Ujju Aggarwal is an Assistant Professor of Anthropology and Experiential Learning in the Bachelor’s Program for Adults and Transfer Students, and an affiliate faculty member in Global Studies and the Department of Anthropology. She also serves as Coordinator of BPATS' Self-Directed Learning Program.

Aggarwal’s research examines questions related to public infrastructures, urban space, racial capitalism, rights, gender, and the state. Her first book, Unsettling Choice: Race, Rights, and the Partitioning of Public Education is forthcoming, University of Minnesota Press, 2024. Aggarwal's next project, Education Against Enclosure, is supported by the Spencer Foundation. Her work has appeared in popular outlets, scholarly journals, and edited volumes including Transforming Anthropology; Scholar & Feminist Online; Educational Policy, and Feminists Rethink the Neoliberal State: Inequality, Exclusion, and Change (edited by Leela Fernandes). She is co-editor (with Edwin Mayorga and Bree Picower), of What’s race got to do with it? How current school reform policy maintains racial and economic inequality 2nd Edition (Peter Lang, 2020); and co-editor (with Linta Varghese and Rupal Oza) of Women’s Studies Quarterly Fall/Winter 2019.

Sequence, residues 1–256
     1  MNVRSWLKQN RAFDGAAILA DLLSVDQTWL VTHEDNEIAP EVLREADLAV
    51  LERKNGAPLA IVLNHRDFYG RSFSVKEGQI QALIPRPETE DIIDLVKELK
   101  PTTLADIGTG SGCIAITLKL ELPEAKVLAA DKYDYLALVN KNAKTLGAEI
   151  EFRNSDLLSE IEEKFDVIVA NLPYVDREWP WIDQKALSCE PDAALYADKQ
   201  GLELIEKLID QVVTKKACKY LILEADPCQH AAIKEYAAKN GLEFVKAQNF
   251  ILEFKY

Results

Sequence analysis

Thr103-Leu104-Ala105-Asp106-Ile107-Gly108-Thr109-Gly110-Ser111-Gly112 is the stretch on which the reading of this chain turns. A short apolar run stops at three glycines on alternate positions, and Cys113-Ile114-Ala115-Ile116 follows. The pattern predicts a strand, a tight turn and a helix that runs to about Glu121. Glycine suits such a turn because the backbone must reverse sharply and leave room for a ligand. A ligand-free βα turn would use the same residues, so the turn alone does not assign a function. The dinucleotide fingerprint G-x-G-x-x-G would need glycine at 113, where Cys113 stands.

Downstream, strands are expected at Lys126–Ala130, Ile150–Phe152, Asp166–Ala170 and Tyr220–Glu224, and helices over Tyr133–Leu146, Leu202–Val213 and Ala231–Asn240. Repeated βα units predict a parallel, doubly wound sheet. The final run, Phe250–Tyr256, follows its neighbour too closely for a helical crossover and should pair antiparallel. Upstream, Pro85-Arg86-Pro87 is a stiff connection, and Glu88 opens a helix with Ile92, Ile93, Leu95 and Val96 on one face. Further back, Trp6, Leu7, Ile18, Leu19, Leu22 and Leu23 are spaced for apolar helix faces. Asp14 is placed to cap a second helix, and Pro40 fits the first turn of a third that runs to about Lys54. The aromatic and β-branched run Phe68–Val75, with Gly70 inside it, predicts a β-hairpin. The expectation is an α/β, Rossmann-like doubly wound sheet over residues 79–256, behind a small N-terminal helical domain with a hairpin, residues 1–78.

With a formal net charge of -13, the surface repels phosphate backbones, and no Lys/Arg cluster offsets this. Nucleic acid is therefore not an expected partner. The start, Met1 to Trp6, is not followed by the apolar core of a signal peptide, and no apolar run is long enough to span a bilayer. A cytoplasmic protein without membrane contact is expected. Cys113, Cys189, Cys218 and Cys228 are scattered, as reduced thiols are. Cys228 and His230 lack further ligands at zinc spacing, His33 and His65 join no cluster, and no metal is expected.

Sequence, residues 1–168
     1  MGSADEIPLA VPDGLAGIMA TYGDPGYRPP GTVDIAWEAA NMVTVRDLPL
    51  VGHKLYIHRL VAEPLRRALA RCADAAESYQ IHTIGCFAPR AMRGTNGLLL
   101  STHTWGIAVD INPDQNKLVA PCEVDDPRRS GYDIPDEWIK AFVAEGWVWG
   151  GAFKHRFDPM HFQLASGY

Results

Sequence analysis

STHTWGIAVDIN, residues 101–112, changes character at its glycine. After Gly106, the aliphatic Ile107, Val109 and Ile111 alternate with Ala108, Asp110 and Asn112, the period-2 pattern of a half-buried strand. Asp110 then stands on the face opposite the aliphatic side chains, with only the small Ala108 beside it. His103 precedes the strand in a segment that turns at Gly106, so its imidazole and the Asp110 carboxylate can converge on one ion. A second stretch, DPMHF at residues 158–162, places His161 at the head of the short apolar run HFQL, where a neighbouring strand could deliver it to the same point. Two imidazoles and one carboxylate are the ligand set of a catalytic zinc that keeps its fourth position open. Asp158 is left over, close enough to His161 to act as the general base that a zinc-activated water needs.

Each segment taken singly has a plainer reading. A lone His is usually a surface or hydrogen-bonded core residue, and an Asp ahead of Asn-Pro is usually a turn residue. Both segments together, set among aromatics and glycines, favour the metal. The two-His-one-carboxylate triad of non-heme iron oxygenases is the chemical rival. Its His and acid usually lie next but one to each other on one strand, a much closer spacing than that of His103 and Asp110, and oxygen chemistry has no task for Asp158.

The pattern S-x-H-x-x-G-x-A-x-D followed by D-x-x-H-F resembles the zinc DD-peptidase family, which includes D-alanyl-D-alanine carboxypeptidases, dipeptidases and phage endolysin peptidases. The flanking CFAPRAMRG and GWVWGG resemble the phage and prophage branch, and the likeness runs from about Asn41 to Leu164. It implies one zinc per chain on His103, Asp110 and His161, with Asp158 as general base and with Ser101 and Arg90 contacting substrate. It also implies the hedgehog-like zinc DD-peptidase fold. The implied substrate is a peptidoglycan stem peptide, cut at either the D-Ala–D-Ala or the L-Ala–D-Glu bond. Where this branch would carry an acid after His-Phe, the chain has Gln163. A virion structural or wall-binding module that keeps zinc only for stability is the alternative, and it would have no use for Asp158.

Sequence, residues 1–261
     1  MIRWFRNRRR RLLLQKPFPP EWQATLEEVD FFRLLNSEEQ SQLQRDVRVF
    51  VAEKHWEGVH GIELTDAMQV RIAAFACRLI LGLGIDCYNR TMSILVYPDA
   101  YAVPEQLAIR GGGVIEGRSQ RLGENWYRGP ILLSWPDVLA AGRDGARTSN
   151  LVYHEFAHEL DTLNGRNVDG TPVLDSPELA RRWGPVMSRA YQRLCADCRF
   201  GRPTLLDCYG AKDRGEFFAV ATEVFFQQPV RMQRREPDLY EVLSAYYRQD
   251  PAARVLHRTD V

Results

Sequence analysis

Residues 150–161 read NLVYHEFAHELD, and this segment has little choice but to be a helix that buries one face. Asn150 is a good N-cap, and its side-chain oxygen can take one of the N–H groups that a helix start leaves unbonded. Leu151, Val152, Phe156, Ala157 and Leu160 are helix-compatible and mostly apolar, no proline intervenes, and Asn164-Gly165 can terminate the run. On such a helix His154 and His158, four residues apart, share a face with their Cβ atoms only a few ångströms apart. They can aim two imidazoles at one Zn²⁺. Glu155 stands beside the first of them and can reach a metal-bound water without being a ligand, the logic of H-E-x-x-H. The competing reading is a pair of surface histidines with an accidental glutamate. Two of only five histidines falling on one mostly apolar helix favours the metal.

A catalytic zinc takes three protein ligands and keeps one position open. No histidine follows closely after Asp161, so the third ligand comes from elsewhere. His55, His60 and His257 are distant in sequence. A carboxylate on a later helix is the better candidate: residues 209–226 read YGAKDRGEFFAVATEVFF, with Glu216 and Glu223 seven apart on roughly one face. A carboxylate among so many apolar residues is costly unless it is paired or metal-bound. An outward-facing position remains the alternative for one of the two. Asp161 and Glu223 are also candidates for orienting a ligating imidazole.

Prior to joining The New School, Aggarwal was Visiting Joanne Woodward Chair in Public Policy at Sarah Lawrence College. She has been a Visiting Scholar at the Vermont Center for Fine Arts and has also taught at Hunter College (CUNY) and Educational Opportunities Center (SUNY). Her research has been supported by the Institute for Urban Policy Research and Analysis (African and African Diaspora Studies Department, University of Texas, Austin), the National Academy of Education/ Spencer Foundation, the Center for Place, Culture and Politics (CUNY Graduate Center), and the Davis Putter Fund.

In addition to her academic training, Aggarwal also brings a long history of work as a community organizer and popular educator. For over two decades, she has worked to build organizations that work for educational justice, immigrants’ rights, abolition and transformative justice as well as projects that focus on the intersection of arts and social justice, popular education, and adult literacy.

She currently serves on the Board of Teachers Unite, on the Advisory Board Member of the Parent Leadership Project (Bloomingdale Family Head Start Center, PLP), on the Advisory Board Member of PARCEO (Participatory Action-Research Center for Education, Organizing), and as a mentor to National Academy of Education/ Spencer Foundation doctoral and postdoctoral fellows.


Seminars & Working Groups